Definition of seize in English:
- Jin escaped Vamp's hold, only to be seized by the arms.
- The two attendants quickly hurried forward and roughly seized Angel about her arms.
- She seized the older boy by the arm and drew him inside.
- The government had for days promised an all-out offensive against the rebels who seized half the country after a bloody coup attempt on September 19.
- He has admitted he was one of the 32 armed rebels who seized the school last September.
- Things did turn sour, though, when Chechen rebels seized a Moscow theater.
- His right to possession may be suspended or temporarily divested if the goods are seized by the police under lawful authority.
- The problem was that he needed access to funds seized by the police for legal fees.
- They also produced receipts which they said identified where all of the items seized by the police had been purchased.
- This magnificent opportunity was eagerly seized by modernizing employers.
- This season, injuries to others gave him his opportunity; he seized his chance with aplomb, and has been clinging to the shirt ever since.
- We must admit that China's decision to seize a business opportunity to promote Chinese language has had good results.
- Three miles into the journey she was seized with labour pains.
- I gasp sharply as a sudden pain seizes me around my waist.
- Fear seized her as she suddenly realized that something was indeed different.
- Anderson has deftly avoided falling into a number of traps since she first seized the public's attention.
- These numbers are so large that they may escape - rather than seize - the public's attention.
- Voters will switch off in even bigger numbers: the clash of ideas is what seizes the public imagination, not the comparison of pilot schemes.
- You are impressed with how nice and friendly the people are and you quickly seize those elements of culture which are similar to your own.
- Gifted by the Danish government in 1984, this plant worked for exactly 21 days before its machinery seized up.
- If I worked on the right hand shock absorber, why call me when the engine seized up on you?
- The engine seized up on it, or I never would've sold it to that high-school kid who wanted to fix it up in shop class.
- If the tribunal remains seised of the matter until the actual direction for conditional discharge is given, it seems to us highly desirable that the Tribunal should be able to have regard to relevant fresh material, should there be any.
- In my judgment, a court which grants provisional measures is not by virtue of that fact alone definitively seised of jurisdiction on the merits of the dispute.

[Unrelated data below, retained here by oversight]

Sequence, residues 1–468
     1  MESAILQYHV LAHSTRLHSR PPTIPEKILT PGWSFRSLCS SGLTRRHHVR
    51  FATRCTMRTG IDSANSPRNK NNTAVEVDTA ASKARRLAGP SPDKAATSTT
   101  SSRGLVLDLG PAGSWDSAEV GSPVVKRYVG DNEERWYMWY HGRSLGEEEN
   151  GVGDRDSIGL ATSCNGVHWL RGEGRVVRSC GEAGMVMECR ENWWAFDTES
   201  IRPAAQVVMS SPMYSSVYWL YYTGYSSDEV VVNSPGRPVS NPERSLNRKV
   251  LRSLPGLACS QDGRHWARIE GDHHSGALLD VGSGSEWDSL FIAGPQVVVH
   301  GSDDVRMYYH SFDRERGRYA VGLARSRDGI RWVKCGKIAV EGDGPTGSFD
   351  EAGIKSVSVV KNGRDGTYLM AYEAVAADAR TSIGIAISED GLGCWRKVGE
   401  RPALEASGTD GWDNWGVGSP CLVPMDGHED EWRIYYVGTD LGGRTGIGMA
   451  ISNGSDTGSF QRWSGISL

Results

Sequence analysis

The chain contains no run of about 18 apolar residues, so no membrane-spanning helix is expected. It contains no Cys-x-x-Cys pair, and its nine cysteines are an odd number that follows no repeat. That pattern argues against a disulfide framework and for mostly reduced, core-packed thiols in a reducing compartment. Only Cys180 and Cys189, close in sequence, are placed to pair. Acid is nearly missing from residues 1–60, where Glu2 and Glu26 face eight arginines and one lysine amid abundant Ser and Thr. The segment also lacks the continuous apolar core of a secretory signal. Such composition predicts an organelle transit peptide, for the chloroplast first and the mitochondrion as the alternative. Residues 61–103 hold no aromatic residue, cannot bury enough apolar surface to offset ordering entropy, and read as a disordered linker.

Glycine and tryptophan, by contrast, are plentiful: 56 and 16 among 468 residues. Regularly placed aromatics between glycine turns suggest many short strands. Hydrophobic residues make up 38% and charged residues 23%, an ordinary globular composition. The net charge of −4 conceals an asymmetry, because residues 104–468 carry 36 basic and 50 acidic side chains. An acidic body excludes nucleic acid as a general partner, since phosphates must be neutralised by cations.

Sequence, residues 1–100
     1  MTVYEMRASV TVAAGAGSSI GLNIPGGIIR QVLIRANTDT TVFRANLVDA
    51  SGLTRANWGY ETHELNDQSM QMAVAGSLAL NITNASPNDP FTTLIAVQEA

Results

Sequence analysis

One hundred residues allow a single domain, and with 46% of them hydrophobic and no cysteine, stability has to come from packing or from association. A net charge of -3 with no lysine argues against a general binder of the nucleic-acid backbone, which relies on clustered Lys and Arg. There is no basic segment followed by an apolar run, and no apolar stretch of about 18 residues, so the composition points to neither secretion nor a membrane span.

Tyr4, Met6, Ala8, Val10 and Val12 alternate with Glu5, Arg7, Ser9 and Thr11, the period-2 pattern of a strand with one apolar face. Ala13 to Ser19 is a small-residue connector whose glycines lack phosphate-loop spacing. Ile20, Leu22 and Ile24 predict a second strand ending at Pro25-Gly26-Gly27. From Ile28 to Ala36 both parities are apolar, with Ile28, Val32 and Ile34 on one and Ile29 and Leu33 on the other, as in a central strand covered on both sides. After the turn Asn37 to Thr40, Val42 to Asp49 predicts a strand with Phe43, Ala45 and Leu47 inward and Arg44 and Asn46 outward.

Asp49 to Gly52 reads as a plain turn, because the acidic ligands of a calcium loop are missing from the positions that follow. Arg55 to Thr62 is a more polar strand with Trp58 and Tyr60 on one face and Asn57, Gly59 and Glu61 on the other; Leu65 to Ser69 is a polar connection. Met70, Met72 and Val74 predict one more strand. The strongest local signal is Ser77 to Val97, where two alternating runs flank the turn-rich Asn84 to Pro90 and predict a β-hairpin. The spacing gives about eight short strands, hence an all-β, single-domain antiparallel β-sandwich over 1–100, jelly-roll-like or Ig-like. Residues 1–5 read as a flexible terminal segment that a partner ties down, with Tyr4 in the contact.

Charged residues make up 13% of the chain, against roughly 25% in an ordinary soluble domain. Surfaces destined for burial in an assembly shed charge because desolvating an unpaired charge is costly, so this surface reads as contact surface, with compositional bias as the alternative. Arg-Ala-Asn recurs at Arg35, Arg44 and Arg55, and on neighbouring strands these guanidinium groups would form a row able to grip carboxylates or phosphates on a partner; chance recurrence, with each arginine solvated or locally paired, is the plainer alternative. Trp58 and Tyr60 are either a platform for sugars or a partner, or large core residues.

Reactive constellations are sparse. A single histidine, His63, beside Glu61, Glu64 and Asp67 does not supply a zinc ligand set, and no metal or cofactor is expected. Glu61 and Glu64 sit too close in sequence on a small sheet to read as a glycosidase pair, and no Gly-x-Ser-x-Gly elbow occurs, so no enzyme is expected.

- In the context of whether a court is seised of proceedings for the purposes of Article 21, the question whether those proceedings have been served is not determined by the foreign domestic rules of procedure.
- Mr Sorrell is currently in possession of the property, and is accordingly presumed to be seised of an estate in fee simple.
- The Industrial Tribunal is seized of all matters in issue between the parties and is the proper forum.
- The former Union health minister had said that the Centre was seized of the issue and had constituted a high-level committee to investigate the lapses in the Vitamin A campaign.
- Earlier, the Supreme Court refused to intervene in the matter on the ground that the President was seized of the matter under Article 72 of the Constitution.
- seize on/upon
- Take eager advantage of (something); exploit for one’s own purposes: the government has eagerly seized on the evidence to deny any link between deprivation and crimeMore example sentences
take advantage of, exploit, grasp with both hands, leap at, jump at, pounce on
- United also seized upon that advantage to exert almost complete dominance of the match and finish the half well on top, and looking like they were going to run out easy winners.
- Their views have been eagerly seized upon by lovers of conspiracy theories.
- The U.S. will eagerly seize on any gesture of cooperation from the Germans.
Middle English: from Old French seizir 'give seisin', from medieval Latin sacire, in the phrase ad proprium sacire 'claim as one's own', from a Germanic base meaning 'procedure'.
Seize goes back to the customs of feudal times. It is from Old French seizir ‘give seisin’ (legal possession), from medieval Latin ad proprium sacire ‘claim as one's own’, from a Germanic base meaning ‘procedure’ going back to the same root as sake. The sense ‘jam, cease to function’ in mechanical contexts dates from the late 19th century.
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